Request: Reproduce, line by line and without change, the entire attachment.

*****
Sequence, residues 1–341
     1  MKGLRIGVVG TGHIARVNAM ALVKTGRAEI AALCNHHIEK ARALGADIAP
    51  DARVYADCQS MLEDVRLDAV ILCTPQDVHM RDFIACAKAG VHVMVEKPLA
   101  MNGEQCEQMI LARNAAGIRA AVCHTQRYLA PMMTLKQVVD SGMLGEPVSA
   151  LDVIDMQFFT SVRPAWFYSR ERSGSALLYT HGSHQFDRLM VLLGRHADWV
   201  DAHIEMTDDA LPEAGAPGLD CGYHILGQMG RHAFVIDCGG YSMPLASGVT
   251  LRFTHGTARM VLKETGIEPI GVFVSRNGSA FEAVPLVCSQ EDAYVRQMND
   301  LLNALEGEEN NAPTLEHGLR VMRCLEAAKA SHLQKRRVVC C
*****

Sequence, residues 1–341
     1  MKGLRIGVVG TGHIARVNAM ALVKTGRAEI AALCNHHIEK ARALGADIAP
    51  DARVYADCQS MLEDVRLDAV ILCTPQDVHM RDFIACAKAG VHVMVEKPLA
   101  MNGEQCEQMI LARNAAGIRA AVCHTQRYLA PMMTLKQVVD SGMLGEPVSA
   151  LDVIDMQFFT SVRPAWFYSR ERSGSALLYT HGSHQFDRLM VLLGRHADWV
   201  DAHIEMTDDA LPEAGAPGLD CGYHILGQMG RHAFVIDCGG YSMPLASGVT
   251  LRFTHGTARM VLKETGIEPI GVFVSRNGSA FEAVPLVCSQ EDAYVRQMND
   301  LLNALEGEEN NAPTLEHGLR VMRCLEAAKA SHLQKRRVVC C